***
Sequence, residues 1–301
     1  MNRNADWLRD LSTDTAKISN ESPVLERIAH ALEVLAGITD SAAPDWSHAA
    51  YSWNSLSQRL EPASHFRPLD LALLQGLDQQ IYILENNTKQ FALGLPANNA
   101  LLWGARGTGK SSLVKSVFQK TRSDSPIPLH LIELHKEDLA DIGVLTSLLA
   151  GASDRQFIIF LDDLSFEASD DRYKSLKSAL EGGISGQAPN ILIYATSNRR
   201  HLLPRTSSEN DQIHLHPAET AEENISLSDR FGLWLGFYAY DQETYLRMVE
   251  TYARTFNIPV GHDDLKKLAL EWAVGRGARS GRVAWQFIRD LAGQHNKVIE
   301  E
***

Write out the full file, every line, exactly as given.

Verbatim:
Sequence, residues 1–301
     1  MNRNADWLRD LSTDTAKISN ESPVLERIAH ALEVLAGITD SAAPDWSHAA
    51  YSWNSLSQRL EPASHFRPLD LALLQGLDQQ IYILENNTKQ FALGLPANNA
   101  LLWGARGTGK SSLVKSVFQK TRSDSPIPLH LIELHKEDLA DIGVLTSLLA
   151  GASDRQFIIF LDDLSFEASD DRYKSLKSAL EGGISGQAPN ILIYATSNRR
   201  HLLPRTSSEN DQIHLHPAET AEENISLSDR FGLWLGFYAY DQETYLRMVE
   251  TYARTFNIPV GHDDLKKLAL EWAVGRGARS GRVAWQFIRD LAGQHNKVIE
   301  E